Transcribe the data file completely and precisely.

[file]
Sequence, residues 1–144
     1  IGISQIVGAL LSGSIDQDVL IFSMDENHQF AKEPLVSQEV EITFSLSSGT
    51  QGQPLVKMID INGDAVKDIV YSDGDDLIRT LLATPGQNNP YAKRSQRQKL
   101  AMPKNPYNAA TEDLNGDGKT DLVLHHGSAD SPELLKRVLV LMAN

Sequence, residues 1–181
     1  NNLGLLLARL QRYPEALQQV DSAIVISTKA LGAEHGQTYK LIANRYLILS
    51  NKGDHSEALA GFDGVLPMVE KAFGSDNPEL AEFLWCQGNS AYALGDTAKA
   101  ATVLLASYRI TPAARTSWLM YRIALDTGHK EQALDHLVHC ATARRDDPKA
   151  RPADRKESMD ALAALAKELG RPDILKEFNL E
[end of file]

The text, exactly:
Sequence, residues 1–144
     1  IGISQIVGAL LSGSIDQDVL IFSMDENHQF AKEPLVSQEV EITFSLSSGT
    51  QGQPLVKMID INGDAVKDIV YSDGDDLIRT LLATPGQNNP YAKRSQRQKL
   101  AMPKNPYNAA TEDLNGDGKT DLVLHHGSAD SPELLKRVLV LMAN

Sequence, residues 1–181
     1  NNLGLLLARL QRYPEALQQV DSAIVISTKA LGAEHGQTYK LIANRYLILS
    51  NKGDHSEALA GFDGVLPMVE KAFGSDNPEL AEFLWCQGNS AYALGDTAKA
   101  ATVLLASYRI TPAARTSWLM YRIALDTGHK EQALDHLVHC ATARRDDPKA
   151  RPADRKESMD ALAALAKELG RPDILKEFNL E